Having worked closely with software developers for almost a decade, I’ve noticed some common traits amongst them.
Technically minded people think about problems in different ways. I’m often stunned how I could miss such an obvious data point or edge case when discussing product changes with people who have a far greater technical mind than myself.
I also find myself looking around for third party tools to solve problems, whereas developers like to scratch their own itches and have the skills to be able to build pretty much any tool or product themselves.
But here’s where things start to get a little more complicated
The in-house vs third party conundrum
It’s a dilemma thrown around teams almost daily and CIOs are often left fighting both sides for an answer. Usually the CMO wants to just buy it, and the CTO thinks they can build it.
Building in house solutions often ends up with the following outcomes:
The initial scope seems simple. The engineering team promises you it’s easy and won’t take much time or effort
Building commences and priorities shift from building your own product to an internal tool
Scope grows and more team members are pulled in
Timelines on core customer facing tasks start to slip
You end up deploying a half baked version lacking in much of the functionality the third party tool had, with a unattractive and hard to use UI
Bugs and issues are found that you don’t have time to fix
Staff that have to use the internal tool become frustrated it doesn’t do as needed and start wanting improvements
The tool becomes a big piece of technical debt, lacks support and maintenance. Falling way behind the innovations of third party tools
At Raygun, we provide error, crash and performance monitoring software for tech teams.
I’ve lost count of the number of times I’ve seen development teams trial Raygun alongside their in-house solutions and found that they were missing 99% of the issues that users were experiencing with their software that Raygun picked up.
Though building something internally may seem like a good idea, it’s easy to forget there has been years of work put in to refine how a third party tool does the precise job it is designed to do, and what their customers are happy to pay for.
It makes little sense.
GDPR is about to make things, interesting
This has led to us taking more thought into just how complex this legislation is going to be, especially for teams that have built in-house solutions to solve particular pain points rather than rely on third party software.
For us, we’ve had to build in functionality for our customers to remove Personally Identifiable Information (PII) data from the data we have to process for them, and make sure that any sensitive information that is sent to us in error and crash reports is also easy to remove.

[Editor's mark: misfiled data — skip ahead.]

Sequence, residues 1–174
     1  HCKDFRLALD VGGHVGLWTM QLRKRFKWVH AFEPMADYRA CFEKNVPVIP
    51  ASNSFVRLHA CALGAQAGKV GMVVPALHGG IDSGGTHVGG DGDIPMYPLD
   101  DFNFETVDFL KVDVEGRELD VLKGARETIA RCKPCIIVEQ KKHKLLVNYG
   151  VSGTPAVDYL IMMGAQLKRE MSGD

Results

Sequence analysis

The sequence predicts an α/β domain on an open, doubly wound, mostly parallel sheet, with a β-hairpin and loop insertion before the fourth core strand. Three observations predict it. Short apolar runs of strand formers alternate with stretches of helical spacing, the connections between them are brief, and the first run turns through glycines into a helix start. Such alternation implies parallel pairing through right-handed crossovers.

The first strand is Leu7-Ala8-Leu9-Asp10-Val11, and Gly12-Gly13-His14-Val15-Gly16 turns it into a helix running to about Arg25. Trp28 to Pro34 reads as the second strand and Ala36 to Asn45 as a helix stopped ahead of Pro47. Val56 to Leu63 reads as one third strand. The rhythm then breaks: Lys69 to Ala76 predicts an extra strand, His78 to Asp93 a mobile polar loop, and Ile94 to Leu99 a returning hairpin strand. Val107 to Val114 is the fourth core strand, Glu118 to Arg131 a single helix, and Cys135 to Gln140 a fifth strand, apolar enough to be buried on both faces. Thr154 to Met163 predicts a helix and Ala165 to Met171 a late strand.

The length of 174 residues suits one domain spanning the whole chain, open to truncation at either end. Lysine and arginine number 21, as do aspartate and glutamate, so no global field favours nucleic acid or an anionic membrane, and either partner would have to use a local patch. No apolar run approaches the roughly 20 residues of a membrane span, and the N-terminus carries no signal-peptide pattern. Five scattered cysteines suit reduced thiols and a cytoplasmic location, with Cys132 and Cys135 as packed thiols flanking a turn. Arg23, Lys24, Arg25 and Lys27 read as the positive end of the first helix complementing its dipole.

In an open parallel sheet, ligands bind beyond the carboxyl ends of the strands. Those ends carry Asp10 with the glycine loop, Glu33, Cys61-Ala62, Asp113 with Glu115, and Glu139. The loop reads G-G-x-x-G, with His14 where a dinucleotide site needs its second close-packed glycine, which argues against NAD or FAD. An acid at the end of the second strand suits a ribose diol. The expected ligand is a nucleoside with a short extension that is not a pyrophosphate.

Now imagine this - You’ve built an internal tool that logs user activity and provides you with detailed analytics on user actions. Within this you store user IP addresses, full names and contact details.
Using a third party solution which you pay for on a monthly basis, complying with GDPR is as simple as reviewing a Data Processing Agreement (DPA) and signing it. You’re done. All of the compliance is handled by the provider as they need to ensure their product complies with GDPR legislation and support their customers.
Now take the other side of the argument and consider all the internal tools you’ve built including this one for tracking user analytics. You now need to support GDPR with all your internal tools you’ve built too, as well as the ones you pay for.
User details must be deleted and audits must be able to prove the requests for data removal were actioned - Though I’m not quite sure how you prove something was deleted when it no longer exists, but that’s probably a whole new post.
Now you have additionally functionality you need to build into all your internal tools to comply with GDPR. How much time is this going to cost your team? How much money?
Suddenly the idea to build all these internal tools is coming back to bite you, having to shift over all your resources to fix up internal systems before the GDPR deadline. Customer facing issues and innovations are pushed aside and the whole business suffers.
If you are already struggling to keep up with GDPR and how it is impacting your business, you’re not alone. Internal tools have added a lot of additional complexity to development roadmaps over the past few months.
When considering when to build an internal tool vs purchase a full solution, consider just how much time will be taken to maintain it once it is built. It rarely stacks up to create something internally that can be purchased via a subscription model.
Developers and tech teams will always assume they can build it themselves, but does it really stack up as a business decision?
The last thing you want to be doing is to be losing focus on what you are supposed to be building for your customers and improve sales than be forced into building a whole new product internally that requires maintenance and support.
Leave it up to third party tools to cover the necessary legislations and keep improving their offering.
Otherwise you’ll be left maintaining your internal tools rather than building things that will generate better business outcomes for your customers and stakeholders.
If you’re looking for a way to manage errors and crashes in your applications, Raygun is fully compliant with GDPR requirements and will easily beat any internally built solution at detecting problems that are affecting your customers. Don’t believe us? Try it out and see for yourself just how many problems you’re missing.